The largest official gathering of the year, RailsConf brings together top talent, companies, and project representatives from around the world. Learn and build with the best in sessions, workshops, keynotes and parties.
As applications built on Rails get larger and larger, and more and more engineers work in the same monolith, our community needs to think more about what sort of tooling and architectural changes will help us continue to scale. This talk shares ideas around a toolchain, and more importantly, the social and cultural programs needed to support that toolchain, that can be used to help engineers in an ever-growing Rails codebase continue to have high velocity, manage their complexity, and claim ownership over their own business subdomains.
How do you build a career you love? As engineers we try to make choices based on data, metrics, research. We make spreadsheets and “Compare Features.” And yet...so often we end up unhappy. All that careful research somehow doesn’t help.
But what if you made decisions a different way? What if you had a sophisticated decision-making apparatus to guide you, built precisely to your needs -- an always-available guide?
You do! It’s called your somatic intelligence. With practice you can learn to tune into it and let your body lead the way to satisfaction and fulfillment -- in every area of your life.
Ever felt overwhelmed when figuring out how to upgrade a Rails app? Unsure where you should begin? We’ll talk about how upgrading should be treated as a feature, and how you can get buy-in from management for upgrading Rails. Have you heard about how GitHub or Shopify uses dual-booting to run two versions of Rails at once and wondered how that works? We’ll talk about three approaches you can use to upgrade your app. You’ll leave this talk with takeaways you can put into practice for your next Rails upgrade.
This talk covers 5 challenging areas when scaling Rails applications on PostgreSQL databases. From identifying symptoms to applying solutions and understanding trade-offs, this talk will equip you with practical working knowledge you can apply immediately. This talk covers topics like safe migrations, understanding database connections, query optimization, database maintenance, and database replication and partitioning.
Additional resources: https://andyatkinson.com/pg-puny-powerful
One common recommendation for aspiring software developers is to pursue a degree in Computer Science (CS). While CS curricula do often cover practical software development skills, many departments heavily prioritize more academic and theoretical topics. This begs the question: how relevant is a CS degree to the day-to-day work of a professional developer?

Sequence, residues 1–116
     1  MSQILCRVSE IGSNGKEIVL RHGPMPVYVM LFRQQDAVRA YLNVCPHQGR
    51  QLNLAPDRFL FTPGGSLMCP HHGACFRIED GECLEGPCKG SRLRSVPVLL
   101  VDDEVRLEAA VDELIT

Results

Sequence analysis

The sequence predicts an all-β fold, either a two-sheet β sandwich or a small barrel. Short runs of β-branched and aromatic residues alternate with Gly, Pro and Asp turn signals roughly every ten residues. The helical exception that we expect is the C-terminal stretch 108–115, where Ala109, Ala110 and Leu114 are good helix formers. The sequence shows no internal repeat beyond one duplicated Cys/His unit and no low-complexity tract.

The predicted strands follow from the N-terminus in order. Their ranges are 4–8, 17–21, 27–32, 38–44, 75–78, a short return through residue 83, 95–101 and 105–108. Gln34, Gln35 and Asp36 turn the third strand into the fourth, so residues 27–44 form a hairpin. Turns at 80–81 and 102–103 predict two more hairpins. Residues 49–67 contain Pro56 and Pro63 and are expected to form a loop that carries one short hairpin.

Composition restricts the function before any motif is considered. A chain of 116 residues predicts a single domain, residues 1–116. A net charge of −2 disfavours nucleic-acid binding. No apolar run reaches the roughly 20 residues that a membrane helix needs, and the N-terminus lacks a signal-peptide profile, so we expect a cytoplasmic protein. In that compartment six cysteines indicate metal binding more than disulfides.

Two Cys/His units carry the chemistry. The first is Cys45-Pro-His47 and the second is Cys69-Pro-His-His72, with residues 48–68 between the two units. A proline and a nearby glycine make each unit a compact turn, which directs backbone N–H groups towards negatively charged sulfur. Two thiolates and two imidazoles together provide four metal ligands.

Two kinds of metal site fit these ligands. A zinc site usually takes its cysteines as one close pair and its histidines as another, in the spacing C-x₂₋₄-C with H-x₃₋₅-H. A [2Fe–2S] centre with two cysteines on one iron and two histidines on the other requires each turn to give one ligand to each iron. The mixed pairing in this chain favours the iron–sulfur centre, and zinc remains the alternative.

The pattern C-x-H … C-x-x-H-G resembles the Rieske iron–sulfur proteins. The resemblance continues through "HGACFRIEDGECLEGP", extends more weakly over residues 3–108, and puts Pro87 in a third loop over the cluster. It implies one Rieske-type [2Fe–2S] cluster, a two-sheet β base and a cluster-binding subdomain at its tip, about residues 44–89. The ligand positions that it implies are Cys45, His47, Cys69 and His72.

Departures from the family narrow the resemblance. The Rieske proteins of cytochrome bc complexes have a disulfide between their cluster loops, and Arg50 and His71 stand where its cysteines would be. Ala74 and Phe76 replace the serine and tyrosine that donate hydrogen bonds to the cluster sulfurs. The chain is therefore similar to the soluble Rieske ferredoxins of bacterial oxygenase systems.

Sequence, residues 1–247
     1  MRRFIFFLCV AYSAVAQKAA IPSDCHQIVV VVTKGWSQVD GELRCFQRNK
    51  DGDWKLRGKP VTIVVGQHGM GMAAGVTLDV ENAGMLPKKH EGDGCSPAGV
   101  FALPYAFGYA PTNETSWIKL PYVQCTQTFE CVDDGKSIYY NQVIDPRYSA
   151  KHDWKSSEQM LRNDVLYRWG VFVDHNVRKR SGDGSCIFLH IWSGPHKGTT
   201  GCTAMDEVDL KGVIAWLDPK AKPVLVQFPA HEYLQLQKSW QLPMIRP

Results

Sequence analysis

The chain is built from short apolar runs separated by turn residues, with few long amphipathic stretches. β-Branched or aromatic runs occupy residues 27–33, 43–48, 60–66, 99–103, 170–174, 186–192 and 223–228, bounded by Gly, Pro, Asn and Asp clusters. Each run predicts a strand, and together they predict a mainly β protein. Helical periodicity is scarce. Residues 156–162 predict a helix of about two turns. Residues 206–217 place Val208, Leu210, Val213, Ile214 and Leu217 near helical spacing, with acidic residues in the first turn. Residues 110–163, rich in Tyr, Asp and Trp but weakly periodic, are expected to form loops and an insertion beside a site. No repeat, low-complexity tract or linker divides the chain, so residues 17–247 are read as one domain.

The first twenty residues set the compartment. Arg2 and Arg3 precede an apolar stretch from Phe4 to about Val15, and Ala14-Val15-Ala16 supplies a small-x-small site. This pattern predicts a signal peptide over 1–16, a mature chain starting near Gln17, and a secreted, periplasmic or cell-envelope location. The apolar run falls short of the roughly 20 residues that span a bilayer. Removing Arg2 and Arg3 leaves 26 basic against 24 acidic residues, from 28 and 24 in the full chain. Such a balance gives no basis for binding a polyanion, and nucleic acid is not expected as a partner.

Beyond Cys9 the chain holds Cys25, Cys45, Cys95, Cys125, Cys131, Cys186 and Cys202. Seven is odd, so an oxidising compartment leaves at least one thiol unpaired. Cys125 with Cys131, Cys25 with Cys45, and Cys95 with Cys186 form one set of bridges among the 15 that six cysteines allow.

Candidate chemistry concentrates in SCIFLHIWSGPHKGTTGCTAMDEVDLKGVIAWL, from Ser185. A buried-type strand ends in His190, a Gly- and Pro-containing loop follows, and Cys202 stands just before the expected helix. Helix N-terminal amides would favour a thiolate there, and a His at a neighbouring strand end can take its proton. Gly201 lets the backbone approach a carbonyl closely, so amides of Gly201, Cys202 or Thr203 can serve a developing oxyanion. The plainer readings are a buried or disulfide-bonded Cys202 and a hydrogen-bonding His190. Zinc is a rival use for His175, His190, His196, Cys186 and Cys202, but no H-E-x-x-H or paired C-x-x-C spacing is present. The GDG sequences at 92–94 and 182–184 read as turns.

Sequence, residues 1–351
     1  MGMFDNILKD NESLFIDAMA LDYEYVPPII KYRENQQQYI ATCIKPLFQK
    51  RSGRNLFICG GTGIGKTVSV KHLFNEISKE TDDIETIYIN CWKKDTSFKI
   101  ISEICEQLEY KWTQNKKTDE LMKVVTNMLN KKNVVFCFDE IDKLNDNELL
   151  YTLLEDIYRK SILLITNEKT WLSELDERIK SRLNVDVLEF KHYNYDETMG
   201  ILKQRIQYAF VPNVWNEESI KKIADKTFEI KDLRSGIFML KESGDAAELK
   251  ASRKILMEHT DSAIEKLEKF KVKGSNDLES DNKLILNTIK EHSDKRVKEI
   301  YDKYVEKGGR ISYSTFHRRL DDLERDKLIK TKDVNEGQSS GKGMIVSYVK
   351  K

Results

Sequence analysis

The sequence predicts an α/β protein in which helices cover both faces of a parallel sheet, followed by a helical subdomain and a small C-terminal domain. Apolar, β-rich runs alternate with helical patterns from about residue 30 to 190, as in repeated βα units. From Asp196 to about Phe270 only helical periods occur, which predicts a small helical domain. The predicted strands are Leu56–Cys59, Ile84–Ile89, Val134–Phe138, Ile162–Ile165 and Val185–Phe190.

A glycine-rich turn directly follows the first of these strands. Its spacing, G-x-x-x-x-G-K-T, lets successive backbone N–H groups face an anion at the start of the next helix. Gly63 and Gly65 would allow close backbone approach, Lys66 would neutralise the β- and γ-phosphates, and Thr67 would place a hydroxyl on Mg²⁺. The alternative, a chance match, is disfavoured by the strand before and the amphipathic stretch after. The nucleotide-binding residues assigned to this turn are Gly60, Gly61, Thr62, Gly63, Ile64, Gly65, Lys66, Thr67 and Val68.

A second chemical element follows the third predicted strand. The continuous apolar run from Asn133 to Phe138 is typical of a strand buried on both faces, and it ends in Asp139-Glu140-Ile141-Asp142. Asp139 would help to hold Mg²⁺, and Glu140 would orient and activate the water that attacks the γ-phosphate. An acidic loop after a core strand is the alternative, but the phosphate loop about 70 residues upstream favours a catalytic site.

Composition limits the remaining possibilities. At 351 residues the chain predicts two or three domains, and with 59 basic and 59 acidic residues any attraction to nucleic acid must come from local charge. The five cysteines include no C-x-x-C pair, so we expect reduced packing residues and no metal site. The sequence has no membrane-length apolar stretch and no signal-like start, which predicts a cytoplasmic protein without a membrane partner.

We’ll look at a few topics that are often included in the first half of an undergraduate CS curriculum. We’ll examine this information through two lenses: why it can be helpful and why it might not be all that relevant for a typical Rails dev.
"That's a good suggestion Mrs Triggs, perhaps one of the men in the room would like to make it?"
As a society we have an attribution problem. People who look like me get it easy. Join me to explore how we can push back on the default stories & myths of who is providing value in our community.
Warning, may contain content that will make you uncomfortable about your own past behaviour. But you'll leave better able to provide a better industry for your fellow humans.
The open source gem ecosystem is a major strength of Ruby and it’s not uncommon for a production Rails application to depend upon hundreds of gems. But what are the risks of installing a gem and having it in your Gemfile?
In this talk, we’ll cover what “bad things” can actually happen when you install a gem. We’ll also talk about the ways of preventing these attacks from occurring in your application dependencies (so you can sleep well at night).
One of the most rewarding aspects of being a software engineer is seeing our ideas transform from thought into working code. But what if our team (or manager) doesn't think an idea is good? It's frustrating to propose a solution and have it rejected. So what do we do? What are some ways we can help our teams and bosses more clearly understand our vision? How can we de-risk technical change to be less controversial? And importantly: how do we do this collaboratively and productively? We'll talk about technical and interpersonal strategies we can use to help get our good ideas adopted.
“Toxic culture” is, by far, the number one reason that people are quitting their jobs. People are no longer willing to work at organizations where they don’t feel valued, respected, and included. Economists have dubbed this “The Great Resignation.” In this talk you will learn how this situation applies to you and what you can do to make things better. You will learn a framework for evaluating whether an organization’s culture meets your personal needs, and you will learn 20 immediately implementable techniques to improve this culture.
What is proactive accessibility? Learn about the transformation process, and take away lessons learned from the push and pull in getting a company to adopt change.
Dive into real processes and practices that you can begin using on your teams today, whether it is grassroots or top-down driven, and how those help you become more effective.